If someone offers you a free compliance check, a just-to-be-on-the-safe-side sort of thing, odds are they will find something wrong that you will have to pay them to correct.

Vijay Patel got in touch after being pestered by a company which said it did a lot of work with the local authority’s health & safety department (in his case, in north London’s Camden area). He forwarded the company’s email to me and it was scaremongering to say the least: ‘Health and safety offences Act 2008need for a PAT (portable appliance test)increased finesimprisonmentno insurance cover in the event of electrical evidence’. It certainly didn’t spare the rod and suggested that, if Vijay didn’t sign up for the electrical checking service, he would be reported to the local authority.

I resorted to Ian Hughes, affinity development manager with Bluefin insurance group, who said: “The pressure this company is exerting on Vijay is totally disproportionate, and they are using the ‘fear’ tactic to persuade him to sign up. There are elements they are correct in pointing out to Vijay. He does need to have his electrics tested every five years, and also, even with just three staff, needs to have PAT testing biannually.”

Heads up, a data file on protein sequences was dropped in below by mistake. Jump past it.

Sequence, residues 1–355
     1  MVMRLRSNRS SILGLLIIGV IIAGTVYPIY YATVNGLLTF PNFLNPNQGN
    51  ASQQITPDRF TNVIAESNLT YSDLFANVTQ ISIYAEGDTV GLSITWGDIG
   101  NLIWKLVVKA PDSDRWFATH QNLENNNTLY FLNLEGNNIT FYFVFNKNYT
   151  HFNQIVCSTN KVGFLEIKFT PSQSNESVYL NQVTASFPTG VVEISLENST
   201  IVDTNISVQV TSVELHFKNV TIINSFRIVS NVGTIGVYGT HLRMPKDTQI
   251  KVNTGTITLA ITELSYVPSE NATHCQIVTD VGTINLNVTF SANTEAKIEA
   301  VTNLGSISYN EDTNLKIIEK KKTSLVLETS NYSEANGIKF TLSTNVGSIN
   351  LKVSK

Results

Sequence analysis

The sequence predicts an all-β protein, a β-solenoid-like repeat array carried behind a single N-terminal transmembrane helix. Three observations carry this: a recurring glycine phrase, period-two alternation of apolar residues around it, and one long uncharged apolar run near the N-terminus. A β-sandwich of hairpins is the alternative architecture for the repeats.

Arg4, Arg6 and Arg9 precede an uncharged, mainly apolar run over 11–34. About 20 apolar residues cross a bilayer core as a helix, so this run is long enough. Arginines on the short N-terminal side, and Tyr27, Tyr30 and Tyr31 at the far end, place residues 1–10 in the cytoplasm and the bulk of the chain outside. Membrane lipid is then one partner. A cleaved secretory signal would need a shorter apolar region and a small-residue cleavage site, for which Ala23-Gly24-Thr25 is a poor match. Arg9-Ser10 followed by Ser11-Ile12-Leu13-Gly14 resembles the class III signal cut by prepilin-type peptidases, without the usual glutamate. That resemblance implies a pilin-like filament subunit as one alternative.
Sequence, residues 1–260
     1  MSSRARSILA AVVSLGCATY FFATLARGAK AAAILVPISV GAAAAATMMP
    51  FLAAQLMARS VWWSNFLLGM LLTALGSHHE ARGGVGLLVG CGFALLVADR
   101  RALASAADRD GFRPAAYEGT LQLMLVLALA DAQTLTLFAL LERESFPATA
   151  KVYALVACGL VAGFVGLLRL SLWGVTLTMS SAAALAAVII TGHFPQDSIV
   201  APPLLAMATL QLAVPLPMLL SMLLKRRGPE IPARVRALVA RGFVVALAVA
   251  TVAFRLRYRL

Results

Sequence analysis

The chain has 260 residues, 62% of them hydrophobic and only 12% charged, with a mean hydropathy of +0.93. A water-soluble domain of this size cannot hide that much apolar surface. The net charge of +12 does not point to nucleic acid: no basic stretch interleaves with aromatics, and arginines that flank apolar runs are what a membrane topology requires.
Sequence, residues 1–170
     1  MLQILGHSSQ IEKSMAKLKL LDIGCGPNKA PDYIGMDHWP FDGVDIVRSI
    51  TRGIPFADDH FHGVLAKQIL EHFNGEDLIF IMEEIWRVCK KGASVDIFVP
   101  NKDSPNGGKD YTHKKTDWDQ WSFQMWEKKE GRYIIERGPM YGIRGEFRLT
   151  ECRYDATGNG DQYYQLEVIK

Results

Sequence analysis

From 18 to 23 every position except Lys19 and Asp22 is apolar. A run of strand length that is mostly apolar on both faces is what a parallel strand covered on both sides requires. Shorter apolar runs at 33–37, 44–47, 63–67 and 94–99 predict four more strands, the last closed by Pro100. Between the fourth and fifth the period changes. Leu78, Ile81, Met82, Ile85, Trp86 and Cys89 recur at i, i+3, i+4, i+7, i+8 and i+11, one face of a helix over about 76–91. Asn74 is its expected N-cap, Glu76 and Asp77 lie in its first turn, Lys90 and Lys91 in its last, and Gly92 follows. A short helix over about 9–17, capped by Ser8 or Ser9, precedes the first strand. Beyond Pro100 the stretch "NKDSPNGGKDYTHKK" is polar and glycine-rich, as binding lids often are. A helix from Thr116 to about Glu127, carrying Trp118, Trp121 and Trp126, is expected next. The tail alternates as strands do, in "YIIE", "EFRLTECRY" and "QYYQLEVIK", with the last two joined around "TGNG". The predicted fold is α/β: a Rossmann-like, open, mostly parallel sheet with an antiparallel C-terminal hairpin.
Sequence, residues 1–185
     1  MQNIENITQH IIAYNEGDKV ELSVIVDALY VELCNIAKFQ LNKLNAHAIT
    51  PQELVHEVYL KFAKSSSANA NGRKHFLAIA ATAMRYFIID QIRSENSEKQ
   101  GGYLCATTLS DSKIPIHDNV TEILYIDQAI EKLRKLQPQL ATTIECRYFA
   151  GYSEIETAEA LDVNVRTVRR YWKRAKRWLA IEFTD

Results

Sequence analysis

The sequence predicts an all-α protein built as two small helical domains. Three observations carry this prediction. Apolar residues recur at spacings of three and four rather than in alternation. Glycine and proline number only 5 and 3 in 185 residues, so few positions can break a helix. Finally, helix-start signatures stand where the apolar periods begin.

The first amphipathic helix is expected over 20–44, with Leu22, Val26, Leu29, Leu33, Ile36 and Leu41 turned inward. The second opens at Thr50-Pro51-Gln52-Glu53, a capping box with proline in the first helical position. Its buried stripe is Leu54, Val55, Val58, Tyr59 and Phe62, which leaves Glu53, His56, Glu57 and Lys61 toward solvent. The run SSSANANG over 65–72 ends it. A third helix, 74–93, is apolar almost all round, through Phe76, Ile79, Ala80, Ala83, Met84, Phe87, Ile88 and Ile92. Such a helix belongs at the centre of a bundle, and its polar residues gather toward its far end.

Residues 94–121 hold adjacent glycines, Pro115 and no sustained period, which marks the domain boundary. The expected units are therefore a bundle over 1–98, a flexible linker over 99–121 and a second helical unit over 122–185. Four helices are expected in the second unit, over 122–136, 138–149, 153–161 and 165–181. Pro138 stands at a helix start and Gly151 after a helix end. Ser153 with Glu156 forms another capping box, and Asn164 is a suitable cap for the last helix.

His insurers do not need to see such certificates up front, but if there is a claim and a certificate cannot be produced, it could affect a payout, especially if it were caused by an electrical fault the email is correct in stating that there is a duty of care on the part of every operator to ensure they are acting safely and within the law. But, due diligence does not require the input of an outsourcing company.

Vijay can do a self- assessment on www.hse.gov.uk/simple-health-safety/index.htm and, except for the electrical inspections, none of it needs to cost him a penny.What’s your experience?